By the way, if you dropped by hoping this will not be a rant about how Aaron Sorkin can’t write complex female characters, turn around and go back to Jezebel. I’ll catch you there later and we can talk about James Franco.
When I moved to DC, I had no idea how to be a career woman; I had never had a career. Well, unless you count my short-lived “careers” as a barista, Gap employee, pre-school teacher and sarcastic girl at the bar. But I was pretty sure none of those skills were going to help me in an office environment. Unless my job required, I play with bubbles, while reenacting Gap’s West Side Story commercials, drinking coffee and engaging in Sorkinesque banter. By the way, if anyone finds that job please let me know. It sounds kind of awesome.
Many years and many episodes of Sorkin shows later, I think I might have a handle on this whole career women thing. I’ve got some things down pat, like sometimes you have to make up a fake award on your first day of work or that a public proclamation of love can be dangerous in the era of smartphones. But all joking aside, the women of The West Wing and Newsroom are smart, dedicated and accomplished. They kick major ass. They also use birth control. And unlike pretty much everything else I’ve ever learned about being a career woman, I didn’t learn about the awesomeness of birth control from Sorkin.
Now for those of you who read that last sentence and are wondering just how far from the pack I’ve strayed that I’m filling in the blanks of the sex lives of fictional people, hear me out. I promise it won’t get that weird. Though it may walk pretty close to the ‘shipping line. Excuse me for a moment while I channel my inner Lt. Daniel Kaffee and if you got that joke we should totally be friends.
In the case of Stefanie v. Aaron Sorkin – or, as I like to call it, Tuesday – the prosecution will present evidence that Sorkin’s women did indeed use birth control.
Exhibit A: CJ Cregg is the White House Press Secretary. She has a master’s degree from Berkley and will one day (circa Season 6) become the White House Chief of Staff. She also once shouted “I’m great in bed!” on the veranda at the Kennedy Center and I’m gonna take the goodwoman at her word. Last time I checked she didn’t have any extremely tall, fast talking, preschoolers running around the White House. Why? She used birth control.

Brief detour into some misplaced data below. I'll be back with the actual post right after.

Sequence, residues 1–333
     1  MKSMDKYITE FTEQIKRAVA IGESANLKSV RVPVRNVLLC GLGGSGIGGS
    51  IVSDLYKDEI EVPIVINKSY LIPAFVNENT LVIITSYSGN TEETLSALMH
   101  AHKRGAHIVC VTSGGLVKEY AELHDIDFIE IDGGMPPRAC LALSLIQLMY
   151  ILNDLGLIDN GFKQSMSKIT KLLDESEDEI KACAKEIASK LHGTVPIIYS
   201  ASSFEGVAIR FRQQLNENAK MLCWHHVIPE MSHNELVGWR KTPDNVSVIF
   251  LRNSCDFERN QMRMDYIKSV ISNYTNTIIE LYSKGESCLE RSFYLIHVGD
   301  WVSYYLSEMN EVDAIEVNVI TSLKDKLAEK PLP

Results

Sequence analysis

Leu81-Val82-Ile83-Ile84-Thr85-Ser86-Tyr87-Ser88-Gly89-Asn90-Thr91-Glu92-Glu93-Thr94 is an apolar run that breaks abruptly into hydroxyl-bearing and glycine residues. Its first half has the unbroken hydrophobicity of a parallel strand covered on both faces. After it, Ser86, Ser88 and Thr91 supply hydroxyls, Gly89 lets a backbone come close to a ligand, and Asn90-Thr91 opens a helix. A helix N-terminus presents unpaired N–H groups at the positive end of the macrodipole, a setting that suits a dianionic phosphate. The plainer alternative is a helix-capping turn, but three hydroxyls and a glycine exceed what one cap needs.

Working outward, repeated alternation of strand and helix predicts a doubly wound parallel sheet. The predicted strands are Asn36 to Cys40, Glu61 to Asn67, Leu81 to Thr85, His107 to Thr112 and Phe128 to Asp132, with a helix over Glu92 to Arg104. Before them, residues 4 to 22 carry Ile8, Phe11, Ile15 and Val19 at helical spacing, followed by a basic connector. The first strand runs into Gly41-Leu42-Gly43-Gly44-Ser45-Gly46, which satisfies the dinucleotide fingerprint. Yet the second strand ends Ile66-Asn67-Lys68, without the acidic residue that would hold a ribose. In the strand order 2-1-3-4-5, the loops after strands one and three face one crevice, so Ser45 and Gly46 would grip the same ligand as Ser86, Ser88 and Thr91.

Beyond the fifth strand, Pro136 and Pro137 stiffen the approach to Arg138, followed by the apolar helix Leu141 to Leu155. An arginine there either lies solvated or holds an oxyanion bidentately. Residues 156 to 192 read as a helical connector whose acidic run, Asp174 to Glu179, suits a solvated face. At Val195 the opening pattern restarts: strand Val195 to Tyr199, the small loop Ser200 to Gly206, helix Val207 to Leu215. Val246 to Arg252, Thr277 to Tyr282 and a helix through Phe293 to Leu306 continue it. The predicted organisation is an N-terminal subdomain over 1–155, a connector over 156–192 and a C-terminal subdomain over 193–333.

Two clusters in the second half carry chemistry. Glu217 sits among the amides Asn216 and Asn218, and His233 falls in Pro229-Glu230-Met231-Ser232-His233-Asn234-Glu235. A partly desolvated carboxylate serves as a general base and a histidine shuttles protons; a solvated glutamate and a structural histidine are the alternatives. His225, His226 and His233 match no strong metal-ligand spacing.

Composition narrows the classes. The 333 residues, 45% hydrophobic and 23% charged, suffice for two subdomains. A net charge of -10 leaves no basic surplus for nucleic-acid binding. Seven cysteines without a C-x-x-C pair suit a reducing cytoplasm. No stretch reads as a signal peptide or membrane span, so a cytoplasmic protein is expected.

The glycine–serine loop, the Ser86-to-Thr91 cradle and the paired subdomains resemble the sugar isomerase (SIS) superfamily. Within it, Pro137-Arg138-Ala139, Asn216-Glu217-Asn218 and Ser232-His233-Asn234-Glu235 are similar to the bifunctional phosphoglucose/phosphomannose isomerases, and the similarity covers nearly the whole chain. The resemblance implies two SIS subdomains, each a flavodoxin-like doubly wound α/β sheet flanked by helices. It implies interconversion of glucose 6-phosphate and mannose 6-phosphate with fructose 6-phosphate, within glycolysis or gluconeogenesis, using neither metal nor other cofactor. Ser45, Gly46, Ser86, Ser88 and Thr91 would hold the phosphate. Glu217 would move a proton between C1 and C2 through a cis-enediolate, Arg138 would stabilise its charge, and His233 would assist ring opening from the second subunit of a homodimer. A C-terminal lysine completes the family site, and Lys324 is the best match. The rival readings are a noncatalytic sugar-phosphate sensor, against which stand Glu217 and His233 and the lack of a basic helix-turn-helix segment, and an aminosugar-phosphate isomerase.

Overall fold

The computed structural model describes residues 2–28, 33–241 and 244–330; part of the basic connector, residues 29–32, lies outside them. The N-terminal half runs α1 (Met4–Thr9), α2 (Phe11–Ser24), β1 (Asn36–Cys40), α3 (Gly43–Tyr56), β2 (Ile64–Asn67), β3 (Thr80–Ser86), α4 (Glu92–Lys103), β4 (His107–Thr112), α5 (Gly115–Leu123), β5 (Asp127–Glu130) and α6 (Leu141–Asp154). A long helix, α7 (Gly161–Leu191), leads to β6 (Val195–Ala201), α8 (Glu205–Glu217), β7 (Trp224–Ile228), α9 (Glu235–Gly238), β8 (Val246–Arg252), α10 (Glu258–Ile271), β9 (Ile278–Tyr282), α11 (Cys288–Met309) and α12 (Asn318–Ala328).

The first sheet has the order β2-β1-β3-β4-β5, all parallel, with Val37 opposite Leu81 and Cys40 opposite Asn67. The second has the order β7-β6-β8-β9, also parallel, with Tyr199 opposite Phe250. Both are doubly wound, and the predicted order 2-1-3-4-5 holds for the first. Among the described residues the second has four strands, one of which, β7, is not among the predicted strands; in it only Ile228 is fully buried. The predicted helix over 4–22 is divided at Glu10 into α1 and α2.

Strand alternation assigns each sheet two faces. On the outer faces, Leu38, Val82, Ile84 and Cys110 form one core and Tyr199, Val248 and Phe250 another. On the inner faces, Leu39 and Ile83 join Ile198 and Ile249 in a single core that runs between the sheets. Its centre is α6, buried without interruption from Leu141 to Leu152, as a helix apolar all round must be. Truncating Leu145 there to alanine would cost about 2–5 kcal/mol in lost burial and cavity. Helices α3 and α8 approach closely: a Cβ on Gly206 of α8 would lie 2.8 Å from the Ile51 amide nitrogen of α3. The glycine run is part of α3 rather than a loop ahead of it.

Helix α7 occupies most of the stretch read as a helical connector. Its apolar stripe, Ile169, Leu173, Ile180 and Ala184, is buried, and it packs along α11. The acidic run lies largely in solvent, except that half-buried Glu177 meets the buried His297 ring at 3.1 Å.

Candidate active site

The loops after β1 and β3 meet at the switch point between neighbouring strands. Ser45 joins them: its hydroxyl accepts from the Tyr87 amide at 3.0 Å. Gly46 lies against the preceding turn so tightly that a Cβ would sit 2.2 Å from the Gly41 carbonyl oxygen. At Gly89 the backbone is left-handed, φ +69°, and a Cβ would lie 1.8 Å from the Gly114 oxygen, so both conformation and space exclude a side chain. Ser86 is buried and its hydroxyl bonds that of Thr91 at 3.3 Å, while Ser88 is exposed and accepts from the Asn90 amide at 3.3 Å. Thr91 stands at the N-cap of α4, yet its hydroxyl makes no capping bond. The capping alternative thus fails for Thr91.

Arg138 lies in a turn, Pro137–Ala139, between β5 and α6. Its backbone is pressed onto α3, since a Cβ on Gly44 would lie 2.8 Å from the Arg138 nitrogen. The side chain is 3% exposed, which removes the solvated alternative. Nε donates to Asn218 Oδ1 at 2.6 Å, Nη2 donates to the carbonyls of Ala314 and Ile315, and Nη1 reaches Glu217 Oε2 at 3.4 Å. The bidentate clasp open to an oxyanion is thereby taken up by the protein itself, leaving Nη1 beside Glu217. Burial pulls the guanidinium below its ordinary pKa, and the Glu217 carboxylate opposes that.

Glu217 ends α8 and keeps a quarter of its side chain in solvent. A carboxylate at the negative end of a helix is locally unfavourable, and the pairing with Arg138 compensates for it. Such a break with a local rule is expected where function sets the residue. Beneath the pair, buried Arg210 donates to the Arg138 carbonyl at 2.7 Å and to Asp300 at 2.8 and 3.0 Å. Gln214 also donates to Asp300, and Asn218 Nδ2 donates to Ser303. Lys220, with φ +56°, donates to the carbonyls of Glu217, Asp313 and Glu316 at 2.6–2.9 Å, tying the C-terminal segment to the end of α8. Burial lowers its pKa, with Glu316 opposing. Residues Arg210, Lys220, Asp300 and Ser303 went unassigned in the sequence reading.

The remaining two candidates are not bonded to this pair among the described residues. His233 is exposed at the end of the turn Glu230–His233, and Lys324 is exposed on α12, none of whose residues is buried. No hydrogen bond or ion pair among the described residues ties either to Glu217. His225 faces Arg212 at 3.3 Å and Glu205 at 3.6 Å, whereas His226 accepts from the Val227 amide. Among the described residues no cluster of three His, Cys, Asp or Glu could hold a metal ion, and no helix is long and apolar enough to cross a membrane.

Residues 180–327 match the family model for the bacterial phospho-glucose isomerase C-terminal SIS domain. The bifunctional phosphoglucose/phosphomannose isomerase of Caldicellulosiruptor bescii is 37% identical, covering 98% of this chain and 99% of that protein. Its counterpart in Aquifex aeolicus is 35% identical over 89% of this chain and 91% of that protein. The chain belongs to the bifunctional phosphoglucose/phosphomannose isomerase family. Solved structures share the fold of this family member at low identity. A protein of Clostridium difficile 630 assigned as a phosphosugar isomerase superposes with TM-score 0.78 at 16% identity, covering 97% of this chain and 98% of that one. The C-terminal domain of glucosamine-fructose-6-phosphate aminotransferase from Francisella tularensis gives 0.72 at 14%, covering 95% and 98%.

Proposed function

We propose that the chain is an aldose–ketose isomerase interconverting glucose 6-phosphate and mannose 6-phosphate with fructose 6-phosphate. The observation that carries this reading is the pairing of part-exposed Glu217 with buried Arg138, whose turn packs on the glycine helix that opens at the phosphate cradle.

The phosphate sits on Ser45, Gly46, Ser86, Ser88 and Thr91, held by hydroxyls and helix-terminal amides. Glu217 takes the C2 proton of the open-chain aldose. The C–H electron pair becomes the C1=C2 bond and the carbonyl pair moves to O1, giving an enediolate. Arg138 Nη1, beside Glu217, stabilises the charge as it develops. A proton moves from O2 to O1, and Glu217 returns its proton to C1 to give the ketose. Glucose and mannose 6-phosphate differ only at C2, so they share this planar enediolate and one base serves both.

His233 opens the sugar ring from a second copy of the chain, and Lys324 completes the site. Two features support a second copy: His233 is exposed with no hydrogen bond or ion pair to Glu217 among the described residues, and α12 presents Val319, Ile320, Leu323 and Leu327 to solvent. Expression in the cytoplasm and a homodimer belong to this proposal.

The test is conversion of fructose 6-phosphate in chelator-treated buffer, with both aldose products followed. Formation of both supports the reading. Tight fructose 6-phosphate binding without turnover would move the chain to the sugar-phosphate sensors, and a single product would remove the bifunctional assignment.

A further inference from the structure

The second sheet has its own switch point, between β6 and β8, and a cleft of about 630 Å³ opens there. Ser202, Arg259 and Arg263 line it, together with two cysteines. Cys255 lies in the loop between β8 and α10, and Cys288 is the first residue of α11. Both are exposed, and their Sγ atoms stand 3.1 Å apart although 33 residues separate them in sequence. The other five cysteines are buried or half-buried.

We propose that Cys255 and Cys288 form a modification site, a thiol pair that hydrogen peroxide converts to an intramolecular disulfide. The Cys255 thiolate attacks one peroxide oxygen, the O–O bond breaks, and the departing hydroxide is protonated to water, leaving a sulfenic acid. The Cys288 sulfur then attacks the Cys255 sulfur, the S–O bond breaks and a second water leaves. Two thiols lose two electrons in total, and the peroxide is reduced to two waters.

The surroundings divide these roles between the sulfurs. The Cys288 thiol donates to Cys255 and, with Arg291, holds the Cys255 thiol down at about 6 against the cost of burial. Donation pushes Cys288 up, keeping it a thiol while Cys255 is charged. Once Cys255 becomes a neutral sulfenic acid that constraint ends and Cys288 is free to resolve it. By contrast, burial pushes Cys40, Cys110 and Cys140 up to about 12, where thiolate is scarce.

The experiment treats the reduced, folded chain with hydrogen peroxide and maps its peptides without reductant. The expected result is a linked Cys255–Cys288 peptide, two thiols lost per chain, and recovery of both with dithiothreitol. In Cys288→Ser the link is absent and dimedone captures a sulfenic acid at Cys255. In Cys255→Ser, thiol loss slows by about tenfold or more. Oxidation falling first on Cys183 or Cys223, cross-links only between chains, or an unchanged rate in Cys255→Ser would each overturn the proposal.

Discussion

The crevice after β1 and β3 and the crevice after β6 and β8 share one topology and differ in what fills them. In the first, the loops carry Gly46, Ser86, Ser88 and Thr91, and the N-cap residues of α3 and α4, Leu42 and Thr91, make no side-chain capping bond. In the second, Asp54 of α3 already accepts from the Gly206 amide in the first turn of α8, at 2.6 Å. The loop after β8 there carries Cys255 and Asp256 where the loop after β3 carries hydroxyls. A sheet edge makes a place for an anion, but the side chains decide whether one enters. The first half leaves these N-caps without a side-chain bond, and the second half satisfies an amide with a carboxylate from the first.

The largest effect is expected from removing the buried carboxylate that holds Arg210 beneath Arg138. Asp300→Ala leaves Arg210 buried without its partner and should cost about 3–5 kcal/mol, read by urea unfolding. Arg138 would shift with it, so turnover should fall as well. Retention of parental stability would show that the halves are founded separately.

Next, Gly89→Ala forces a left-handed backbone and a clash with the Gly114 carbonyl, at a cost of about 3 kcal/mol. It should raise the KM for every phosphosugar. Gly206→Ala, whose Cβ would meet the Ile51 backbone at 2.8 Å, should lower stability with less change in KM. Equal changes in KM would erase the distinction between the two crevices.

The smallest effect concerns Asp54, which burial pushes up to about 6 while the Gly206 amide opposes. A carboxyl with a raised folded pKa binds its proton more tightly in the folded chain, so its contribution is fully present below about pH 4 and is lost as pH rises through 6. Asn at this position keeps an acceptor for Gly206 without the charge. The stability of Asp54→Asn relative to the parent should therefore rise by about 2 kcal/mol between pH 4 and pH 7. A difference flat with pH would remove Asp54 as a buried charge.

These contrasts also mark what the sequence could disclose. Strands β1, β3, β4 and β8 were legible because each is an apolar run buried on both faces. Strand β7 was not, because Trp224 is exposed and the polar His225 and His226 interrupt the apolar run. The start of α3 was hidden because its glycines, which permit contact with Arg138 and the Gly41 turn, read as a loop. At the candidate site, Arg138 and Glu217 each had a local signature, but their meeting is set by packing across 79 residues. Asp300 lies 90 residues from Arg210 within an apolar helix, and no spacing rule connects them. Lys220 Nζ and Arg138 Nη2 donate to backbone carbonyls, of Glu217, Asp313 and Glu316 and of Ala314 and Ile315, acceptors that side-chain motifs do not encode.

Exhibit B: Sloan Sabbith has a Ph.D. in Economics, is an adjunct professor at Columbia, and is a constant source of awkward hilarity at ACN. Much to the chagrin of Don, she has dated a New York Giants player, a publicist, and a douchebag financier. How do I know she is on birth control? She doesn’t have a baby. And have you seen her? Who wouldn’t want to sleep with that woman? She is smart and hot.
Exhibit C: Amy Gardner was the First Lady’s Chief of Staff, Director of the Women’s Leadership Coalition, Director for the National Organization for Women, Political Director of EMILY’s List, and founder of the Democratic Women’s Forum. She has being a career women locked down. Now, as much as I would love a little wonky Lyman-Gardner offspring running around throwing toy cellphones in soup and making the other children line up for roll call votes that never happened. On second thought, that kid might be kind of obnoxious.
I rest my case.
It may not be in Sorkin’s editorial wheelhouse to have characters having a walk and talk on contraception, but it’s squarely in mine. I’m taking to the ‘book, twitter-verse, and all of my other social media accounts on November 12th to give my thanks to all that birth control makes possible for career women. I can’t speak for Maestro Sorkin, but I bet that if CJ, Sloan and Amy had social media accounts, they, too, would show some love to what allows them to kick-ass at their jobs, serve up the snark on a silver platter and look so awesome while not worrying about an unplanned pregnancy. Say it with me now: #ThxBirthControl!
Featured image via Bedsider.org